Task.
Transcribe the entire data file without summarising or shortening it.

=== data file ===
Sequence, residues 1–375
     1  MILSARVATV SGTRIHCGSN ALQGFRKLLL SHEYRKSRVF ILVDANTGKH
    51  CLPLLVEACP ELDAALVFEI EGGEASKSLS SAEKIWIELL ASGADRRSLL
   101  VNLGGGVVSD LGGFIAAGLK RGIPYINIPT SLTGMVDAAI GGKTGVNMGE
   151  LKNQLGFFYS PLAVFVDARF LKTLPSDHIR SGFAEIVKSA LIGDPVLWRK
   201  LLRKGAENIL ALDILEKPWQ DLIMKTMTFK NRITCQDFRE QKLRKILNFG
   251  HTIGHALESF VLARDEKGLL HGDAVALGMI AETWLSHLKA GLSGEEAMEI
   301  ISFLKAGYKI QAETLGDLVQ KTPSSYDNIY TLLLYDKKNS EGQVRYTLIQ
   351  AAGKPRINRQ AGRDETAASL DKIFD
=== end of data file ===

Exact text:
Sequence, residues 1–375
     1  MILSARVATV SGTRIHCGSN ALQGFRKLLL SHEYRKSRVF ILVDANTGKH
    51  CLPLLVEACP ELDAALVFEI EGGEASKSLS SAEKIWIELL ASGADRRSLL
   101  VNLGGGVVSD LGGFIAAGLK RGIPYINIPT SLTGMVDAAI GGKTGVNMGE
   151  LKNQLGFFYS PLAVFVDARF LKTLPSDHIR SGFAEIVKSA LIGDPVLWRK
   201  LLRKGAENIL ALDILEKPWQ DLIMKTMTFK NRITCQDFRE QKLRKILNFG
   251  HTIGHALESF VLARDEKGLL HGDAVALGMI AETWLSHLKA GLSGEEAMEI
   301  ISFLKAGYKI QAETLGDLVQ KTPSSYDNIY TLLLYDKKNS EGQVRYTLIQ
   351  AAGKPRINRQ AGRDETAASL DKIFD